Six things worth knowing about this surprising dairy option.
Cynthia Sass, MPH, RD
As a nutrition expert, I aim to stay on top of the latest food trends and products, and every once in a while, something makes me think, Hmmm, really? The latest fad to do so: Donkey milk. Yes, you read that correctly, milk from donkeys. To get the joke out of the way, it’s commonly referred to as “ass milk.” (I’m already afraid of the memes!)
A Swiss company called Eurolactis recently announced they’ll be launching the milk in Europe, the United States, Asia, and Australia. And Eurolactis doesn’t plan to stop at milk: It’s also launching a high-end donkey milk chocolate bar, made by a master Swiss chocolatier.
What’s my opinion? Honestly, I’ve never tasted donkey milk, and I hadn’t heard of ingesting it, or products made from it, until very recently. So I did a little investigating. Here are six interesting things I learned.
It’s a (very) old trend
There are accounts of Hippocrates, the father of medicine, extolling the virtues of donkey milk. There are also records of its popularity in ancient Rome, and it was used medicinally in France up to the 20th century. In other words, drinking donkey milk is not unprecedented.
It’s nutritionally different from cow’s milk
Compared to other types of animal milk, the donkey variety is actually closest to human breast milk, based on its pH level and nutritional makeup. It also contains less total fat than cow’s milk, and packs more anti-inflammatory omega-3 fatty acids. Natural substances in donkey milk have been shown to enhance immunity, which may be helpful for people with conditions like asthma, eczema, or psoriasis.
There is some research on its benefits
I actually found a handful of studies in the National Library of Medicine archive related to donkey milk. One, published this year in the journal Current Pharmaceutical Design, concluded that donkey milk might help prevent artery hardening, thanks to its ability to dilate blood vessels. Another study, from the Journal of Food Science, deemed donkey milk a “pharmafood” for its nutritional, nutraceutical, and functional properties. After testing the product, these researchers concluded that although donkey milk contains a high amount of lactose, when it’s fermented into yogurt it’s a viable option for people with lactose or cow’s milk intolerance.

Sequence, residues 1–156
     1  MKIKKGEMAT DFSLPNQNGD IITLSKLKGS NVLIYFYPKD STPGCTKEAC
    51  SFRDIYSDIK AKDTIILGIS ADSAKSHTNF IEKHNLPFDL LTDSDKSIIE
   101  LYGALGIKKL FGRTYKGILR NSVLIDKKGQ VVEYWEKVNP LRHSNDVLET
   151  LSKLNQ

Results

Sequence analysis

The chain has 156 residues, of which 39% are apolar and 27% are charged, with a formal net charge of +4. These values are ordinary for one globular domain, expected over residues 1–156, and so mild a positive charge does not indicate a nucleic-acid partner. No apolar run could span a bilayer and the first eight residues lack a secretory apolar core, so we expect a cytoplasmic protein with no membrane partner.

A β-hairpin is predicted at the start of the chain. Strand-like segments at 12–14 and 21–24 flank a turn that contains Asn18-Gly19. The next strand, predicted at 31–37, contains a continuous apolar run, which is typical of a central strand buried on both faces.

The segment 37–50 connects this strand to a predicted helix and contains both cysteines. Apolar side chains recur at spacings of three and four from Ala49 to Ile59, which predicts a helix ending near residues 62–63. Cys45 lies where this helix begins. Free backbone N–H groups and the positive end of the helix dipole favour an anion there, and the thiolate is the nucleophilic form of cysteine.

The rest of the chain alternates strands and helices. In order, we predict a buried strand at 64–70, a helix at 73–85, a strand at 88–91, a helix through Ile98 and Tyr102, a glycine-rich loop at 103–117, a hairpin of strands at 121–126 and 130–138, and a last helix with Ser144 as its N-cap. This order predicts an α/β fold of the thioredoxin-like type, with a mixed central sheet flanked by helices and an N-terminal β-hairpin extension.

People are already drinking it
While it may seem odd to many of us, the reality is people around the world are taking advantage of this milk and its benefits. For example, in 2011 the BBC reported that more than 50% of the donkey milk produced at a farm outside Bologna, Italy, is sold to pediatric units, for children who can’t consume cow’s milk. Not to mention, it likely tastes better than it sounds; many people say it’s odorless and the texture resembles low-fat cow’s milk.
It’s part of a big beauty trend too
In my searches, I came across a number of skin care products featuring donkey milk as the star ingredient. I also read on various skincare forums that many people saw positive improvements in their eczema and with their sensitive skin after switching to donkey milk soap. And once again, I discovered the knowledge of these benefits is nothing new; there are even reports of Cleopatra bathing in donkey milk to keep her skin looking youthful.
We’ll probably see more products to come, but they’ll be pricey
Judging from the 269,000 results on Google when I searched for “donkey milk,” I think it’s safe to say it’s definitely a thing, and will likely continue to gain popularity. However, donkeys don’t produce as much milk as cows do. In fact, it reportedly takes 15 donkeys to produce a gallon of milk. That’s one main reason that cheese made from donkey milk (called Pule) costs a hefty $1,000 per pound. Donkey milk farms are also smaller. So the limited supply plus all those desirable health benefits will probably mean a higher price for consumers.